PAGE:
Over the last 11 months, I’ve found it increasingly hard to sit through a movie in one sitting or even to coax myself into viewing a film at all, really. Since I’m on my computer all the time, seated in one place for classes and work, sitting down to watch something online for a couple of hours has become incredibly unappealing. This upset me for a while because, like many, I have an unending wish list of movies to go through. I’ve made approximately zero headway in the last year.
Enter: You Will Die at 20, a 2019 Sudanese drama film directed by Amjad Abu Alala, which won the “Lion of the Future” award for a debut film at the Venice Film Festival and was released in the U.S. late last month. I don’t remember how I came across the film, but I remember typing the name into Google one day and being struck by the vibrant, tableau-like stills that populated the results. In an attempt to get myself out of my movie funk, I decided to give a portion of my Saturday night to watching it (if after this review you feel like doing the same, it’s accessible behind a $10 paywall on Michigan Theater’s “Eventive” page).
You Will Die at 20 is one of the most beautiful and engaging films I’ve ever seen. It unfolds against the background of a Sudanese village and follows the life of a young boy, Muzamil (Mustafa Shehata), who had been prophesied to die at 20 by a holy sheikh when he was a newborn.
This prophecy sets off a catalyst of events: Muzamil’s father travels away from the family soon after, ashamed and pained by his son’s fate. His mother Sakina (Islam Mubarak) must raise Muzamil on her own while grappling with the implications and injuries of her only child being a public subject of such a sealed fate. In an instant, the joys of new motherhood are stripped away; she dons all black and her face grows paler, drawn in.
Indeed, throughout the film, it is Mubarak’s character who stands out, who takes and is given an equal emotional depth and battle as her son. From intense passion to deep sadness to regulated, mothering responses and guidance, she counts her son’s days haphazardly on a wall with charcoal. We see both Muzamil and Sakina grapple with his evolution as he grows up in the shadows of his fate.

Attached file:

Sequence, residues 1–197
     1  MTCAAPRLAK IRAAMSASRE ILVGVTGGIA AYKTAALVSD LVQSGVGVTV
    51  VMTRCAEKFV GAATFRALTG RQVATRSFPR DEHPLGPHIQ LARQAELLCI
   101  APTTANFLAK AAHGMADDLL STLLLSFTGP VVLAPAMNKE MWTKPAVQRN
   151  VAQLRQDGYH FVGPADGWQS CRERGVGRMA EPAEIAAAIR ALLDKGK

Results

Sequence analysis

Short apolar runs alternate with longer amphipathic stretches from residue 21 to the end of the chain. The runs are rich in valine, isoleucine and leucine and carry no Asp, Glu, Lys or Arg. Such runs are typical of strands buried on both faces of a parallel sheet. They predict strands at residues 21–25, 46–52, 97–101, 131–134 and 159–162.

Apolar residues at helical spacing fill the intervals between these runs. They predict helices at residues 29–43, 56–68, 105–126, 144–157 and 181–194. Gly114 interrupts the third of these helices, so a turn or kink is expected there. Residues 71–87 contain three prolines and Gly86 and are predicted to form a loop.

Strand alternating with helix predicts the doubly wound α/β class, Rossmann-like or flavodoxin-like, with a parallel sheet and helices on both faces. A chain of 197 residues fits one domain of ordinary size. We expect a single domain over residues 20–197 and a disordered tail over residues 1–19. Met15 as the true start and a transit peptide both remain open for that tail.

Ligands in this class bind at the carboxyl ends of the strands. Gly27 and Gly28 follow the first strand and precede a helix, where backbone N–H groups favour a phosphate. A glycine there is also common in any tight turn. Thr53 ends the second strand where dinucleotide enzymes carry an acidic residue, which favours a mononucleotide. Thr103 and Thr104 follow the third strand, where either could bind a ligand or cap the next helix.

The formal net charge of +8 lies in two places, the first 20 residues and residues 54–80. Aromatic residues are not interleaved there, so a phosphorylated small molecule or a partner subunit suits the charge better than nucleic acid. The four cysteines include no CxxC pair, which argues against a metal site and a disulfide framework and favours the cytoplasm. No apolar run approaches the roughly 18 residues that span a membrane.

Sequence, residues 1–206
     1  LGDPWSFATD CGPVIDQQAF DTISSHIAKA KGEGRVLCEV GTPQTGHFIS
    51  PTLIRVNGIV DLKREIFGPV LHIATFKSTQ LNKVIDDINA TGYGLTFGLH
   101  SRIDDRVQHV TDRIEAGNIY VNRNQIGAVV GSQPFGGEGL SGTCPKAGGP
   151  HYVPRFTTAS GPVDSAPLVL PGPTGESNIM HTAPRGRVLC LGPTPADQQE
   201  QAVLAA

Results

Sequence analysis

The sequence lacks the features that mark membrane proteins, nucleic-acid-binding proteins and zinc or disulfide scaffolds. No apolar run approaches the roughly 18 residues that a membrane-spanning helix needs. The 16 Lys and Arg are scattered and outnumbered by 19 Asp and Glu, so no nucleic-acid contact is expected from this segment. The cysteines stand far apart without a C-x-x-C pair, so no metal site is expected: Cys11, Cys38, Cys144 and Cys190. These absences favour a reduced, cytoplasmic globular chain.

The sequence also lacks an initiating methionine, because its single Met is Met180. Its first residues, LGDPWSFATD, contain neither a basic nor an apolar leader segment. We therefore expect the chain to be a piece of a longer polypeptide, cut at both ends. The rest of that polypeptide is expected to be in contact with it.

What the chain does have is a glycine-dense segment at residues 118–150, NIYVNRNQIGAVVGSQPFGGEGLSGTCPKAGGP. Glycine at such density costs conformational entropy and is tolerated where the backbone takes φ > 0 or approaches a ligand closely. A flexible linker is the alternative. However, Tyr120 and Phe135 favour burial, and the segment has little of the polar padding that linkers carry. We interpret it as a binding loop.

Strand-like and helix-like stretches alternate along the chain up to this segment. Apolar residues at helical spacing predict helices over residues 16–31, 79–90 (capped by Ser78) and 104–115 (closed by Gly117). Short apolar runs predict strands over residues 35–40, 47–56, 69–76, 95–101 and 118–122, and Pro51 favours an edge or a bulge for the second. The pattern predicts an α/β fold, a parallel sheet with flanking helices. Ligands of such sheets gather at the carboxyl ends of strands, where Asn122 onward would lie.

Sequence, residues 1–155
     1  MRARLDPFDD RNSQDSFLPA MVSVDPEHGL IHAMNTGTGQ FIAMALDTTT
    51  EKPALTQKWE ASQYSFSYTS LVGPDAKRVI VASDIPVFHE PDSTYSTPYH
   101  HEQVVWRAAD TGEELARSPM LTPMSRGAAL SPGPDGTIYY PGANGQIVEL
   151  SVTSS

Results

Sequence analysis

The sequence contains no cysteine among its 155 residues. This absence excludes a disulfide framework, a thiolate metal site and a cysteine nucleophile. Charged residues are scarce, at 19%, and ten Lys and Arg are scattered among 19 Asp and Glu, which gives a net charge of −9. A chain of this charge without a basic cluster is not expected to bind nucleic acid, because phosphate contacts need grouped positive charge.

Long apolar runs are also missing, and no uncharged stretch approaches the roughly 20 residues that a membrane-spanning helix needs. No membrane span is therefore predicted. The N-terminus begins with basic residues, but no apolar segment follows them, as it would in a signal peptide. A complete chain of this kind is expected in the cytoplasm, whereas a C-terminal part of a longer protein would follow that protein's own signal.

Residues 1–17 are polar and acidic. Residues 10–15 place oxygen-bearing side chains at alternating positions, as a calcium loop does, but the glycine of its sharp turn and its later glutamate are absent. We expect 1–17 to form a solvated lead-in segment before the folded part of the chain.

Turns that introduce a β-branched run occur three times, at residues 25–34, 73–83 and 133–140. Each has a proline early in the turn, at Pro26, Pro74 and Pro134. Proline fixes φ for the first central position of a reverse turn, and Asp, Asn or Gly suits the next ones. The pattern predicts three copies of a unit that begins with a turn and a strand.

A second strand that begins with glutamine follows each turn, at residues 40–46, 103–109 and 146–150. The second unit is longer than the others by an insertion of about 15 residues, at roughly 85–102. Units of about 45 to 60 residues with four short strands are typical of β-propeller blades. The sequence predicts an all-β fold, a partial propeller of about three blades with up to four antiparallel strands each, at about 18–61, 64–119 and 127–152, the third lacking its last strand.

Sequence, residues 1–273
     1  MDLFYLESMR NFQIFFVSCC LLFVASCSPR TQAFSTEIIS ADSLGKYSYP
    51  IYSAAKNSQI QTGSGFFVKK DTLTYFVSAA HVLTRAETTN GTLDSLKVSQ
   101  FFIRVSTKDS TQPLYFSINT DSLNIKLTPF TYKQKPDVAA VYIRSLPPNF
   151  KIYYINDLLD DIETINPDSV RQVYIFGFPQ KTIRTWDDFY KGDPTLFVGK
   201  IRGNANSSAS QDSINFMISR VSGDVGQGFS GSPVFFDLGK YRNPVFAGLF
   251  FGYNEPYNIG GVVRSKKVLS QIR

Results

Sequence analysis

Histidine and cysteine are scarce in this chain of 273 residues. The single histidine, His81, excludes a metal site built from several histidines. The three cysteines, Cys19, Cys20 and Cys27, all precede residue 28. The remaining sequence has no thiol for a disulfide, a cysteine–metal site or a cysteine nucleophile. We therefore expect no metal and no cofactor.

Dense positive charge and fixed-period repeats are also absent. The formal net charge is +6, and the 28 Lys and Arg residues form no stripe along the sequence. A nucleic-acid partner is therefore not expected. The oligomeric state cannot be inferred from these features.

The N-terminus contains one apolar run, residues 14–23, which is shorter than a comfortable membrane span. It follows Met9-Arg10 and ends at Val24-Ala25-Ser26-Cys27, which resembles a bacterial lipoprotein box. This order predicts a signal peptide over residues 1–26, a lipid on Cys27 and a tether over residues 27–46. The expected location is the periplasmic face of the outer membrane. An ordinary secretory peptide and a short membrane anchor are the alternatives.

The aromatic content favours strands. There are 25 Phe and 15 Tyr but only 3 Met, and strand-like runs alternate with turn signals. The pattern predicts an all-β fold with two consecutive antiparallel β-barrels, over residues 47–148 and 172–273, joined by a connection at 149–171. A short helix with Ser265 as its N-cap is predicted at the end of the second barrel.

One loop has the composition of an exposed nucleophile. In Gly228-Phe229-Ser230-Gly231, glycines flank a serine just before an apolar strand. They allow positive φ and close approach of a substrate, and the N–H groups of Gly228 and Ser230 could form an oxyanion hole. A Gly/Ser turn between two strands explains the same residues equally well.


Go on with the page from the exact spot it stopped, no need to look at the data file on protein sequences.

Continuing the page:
The storyline luxuriates in the intricacies of childhood and adolescence, the cruelty of young boys, the strength and limitations of religious devotion and the sweeping heartbreak of young love. Throughout there is a theme of dangerous curiosity, a desire to expand outwards, to take in the world as quickly and as completely as one can. Muzamil finds a guide in a local, worldly drunk, to whom he delivers alcohol. He grows enraptured with his childhood best friend, Naiema (Bonna Khalid), and frustrated with his mother’s rules. He dives into religious devotion and reaches the bottom of its capabilities in his life. He cares for and is looked after by others in his village, even as they harm and ostracize him.
This all unfolds against the backdrop of desert architecture and of vibrant colors and mesmerizing, mural-like shots that contain and draw attention to the beauty and pain of this small village, aspects that often collide with each other. The movie is worth viewing for the story alone but also for the way that so many of the characters are afforded emotional complexity and sympathy. Even Muzamil’s absent father is humanized. Muzamil’s struggle for autonomy and love is both respected and challenged in a fascinating way. That being said, it is also a visually stunning piece of art.
Included in this film are stunning imagery and unrelentingly sharp, tangible and symbolic shots that grant us access to the truly intricate emotional world of You Will Die at 20. I’m hesitant to write anything else, although there’s no great riling up of suspense. The film is largely a tapestry of intersecting, smaller conflicts that build on the initial setup. The stories are so unique and fascinating, and the characters and their relationships are so compelling that I don’t want to reveal anything more about the story. I only implore you to watch it, even with the price tag, because it is worth it in every sense of the word. It got me back into watching movies, and I certainly have been pushing everyone in my life to watch it as well.
Also, please remember this one thing while going through the film: Pay attention to the horses.